Thyroid Function In Type 2 Diabetes Mellitus and in Diabetic Nephropathy 1583-1585
Dr. Ashok Kumar J.,
Professor and Head, Department of Biochemistry,
AJ Institute of Medical Sciences, Kuntikana, Mangalore 575004, Karnataka, India.
Phone: 09481848582, E-mail: firstname.lastname@example.org
Introduction: Diabetic patients have higher prevalence of thyroid disorders than the general population which may have an influence on diabetic management. The present study compared the levels of thyroid hormones, serum creatinine, glycated haemoglobin and urine microalbumin between type 2 diabetics without any complications, type 2 diabetics with nephropathy and age and sex matched normal controls.
Result: The mean serum T3 level in type 2 diabetics without any complications was 91.27 ± 14.56 ng/dl, in type 2 diabetics with nephropathy was 88.5320 ± 30.87 ng/dl and in controls was 134.98 ± 28.55 ng/dl. The mean serum T4 level in type 2 diabetics without any complications was 7.73 ± 1.42 µg/dl, in type 2 diabetics with nephropathy was 7.25 ± 2.72 µg/dl and in controls was 8.61 ± 1.73 µg/dl. The mean serum TSH level in type 2 diabetics without any complications was 3.99 ± 1.87 µIU/ml, in type 2 diabetics with nephropathy was 4.27 ± 1.62 µIU/ml and in controls was 2.07 ± 1.09 µIU/ml. Correlations between T3, T4, TSH with serum creatinine, glycated haemoglobin were not statistically significant in type 2 diabetes without any complications and diabetic nephropathy. We found a statistically significant correlation between T3 and urine microalbumin in patients with diabetic nephropathy.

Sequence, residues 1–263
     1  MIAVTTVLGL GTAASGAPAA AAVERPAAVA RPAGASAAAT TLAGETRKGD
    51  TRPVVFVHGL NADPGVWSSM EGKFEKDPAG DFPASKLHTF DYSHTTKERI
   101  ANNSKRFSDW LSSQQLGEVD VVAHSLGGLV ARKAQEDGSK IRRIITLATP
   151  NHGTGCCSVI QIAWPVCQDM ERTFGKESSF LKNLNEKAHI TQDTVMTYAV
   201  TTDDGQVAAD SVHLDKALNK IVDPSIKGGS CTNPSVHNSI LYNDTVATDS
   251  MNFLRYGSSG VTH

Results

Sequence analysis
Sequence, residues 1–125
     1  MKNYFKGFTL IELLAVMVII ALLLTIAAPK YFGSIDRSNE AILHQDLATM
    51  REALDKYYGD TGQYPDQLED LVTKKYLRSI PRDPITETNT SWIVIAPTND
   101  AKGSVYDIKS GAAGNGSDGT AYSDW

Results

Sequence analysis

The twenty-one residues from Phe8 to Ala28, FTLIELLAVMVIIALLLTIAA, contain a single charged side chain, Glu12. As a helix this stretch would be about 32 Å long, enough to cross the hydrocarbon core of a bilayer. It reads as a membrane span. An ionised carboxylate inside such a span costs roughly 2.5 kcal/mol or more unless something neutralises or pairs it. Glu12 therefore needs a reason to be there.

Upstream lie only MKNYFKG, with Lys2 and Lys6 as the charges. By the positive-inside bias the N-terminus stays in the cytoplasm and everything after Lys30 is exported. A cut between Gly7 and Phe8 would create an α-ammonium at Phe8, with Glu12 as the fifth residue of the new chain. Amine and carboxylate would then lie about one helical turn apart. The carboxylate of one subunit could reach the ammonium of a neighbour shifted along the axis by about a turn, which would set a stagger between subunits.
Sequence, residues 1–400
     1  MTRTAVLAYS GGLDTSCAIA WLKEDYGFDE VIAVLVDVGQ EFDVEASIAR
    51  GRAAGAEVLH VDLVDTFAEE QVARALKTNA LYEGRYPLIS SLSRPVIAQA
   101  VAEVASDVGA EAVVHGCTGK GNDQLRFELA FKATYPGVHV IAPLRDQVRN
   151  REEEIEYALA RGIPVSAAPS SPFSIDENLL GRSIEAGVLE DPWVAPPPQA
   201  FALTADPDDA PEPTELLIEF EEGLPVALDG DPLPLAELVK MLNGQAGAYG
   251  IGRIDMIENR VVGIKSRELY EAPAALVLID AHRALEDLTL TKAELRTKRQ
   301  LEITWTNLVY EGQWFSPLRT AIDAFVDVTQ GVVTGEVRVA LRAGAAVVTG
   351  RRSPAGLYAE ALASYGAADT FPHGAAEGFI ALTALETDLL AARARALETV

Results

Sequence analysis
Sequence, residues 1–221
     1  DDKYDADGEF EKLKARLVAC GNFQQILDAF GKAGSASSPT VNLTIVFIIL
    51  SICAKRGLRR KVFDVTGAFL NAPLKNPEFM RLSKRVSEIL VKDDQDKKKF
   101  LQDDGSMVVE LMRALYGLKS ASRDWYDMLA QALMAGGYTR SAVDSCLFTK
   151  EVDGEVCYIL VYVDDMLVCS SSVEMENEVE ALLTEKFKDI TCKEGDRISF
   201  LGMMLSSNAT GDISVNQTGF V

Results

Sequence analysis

Conclusion: Failure to recognize the presence of abnormal thyroid hormone levels may be a primary cause of poor management of diabetes mellitus type 2. Therefore there is a need for the routine assay of thyroid hormones in type 2 diabetics and diabetic nephropathy in order to improve the quality of life and reduce the morbidity.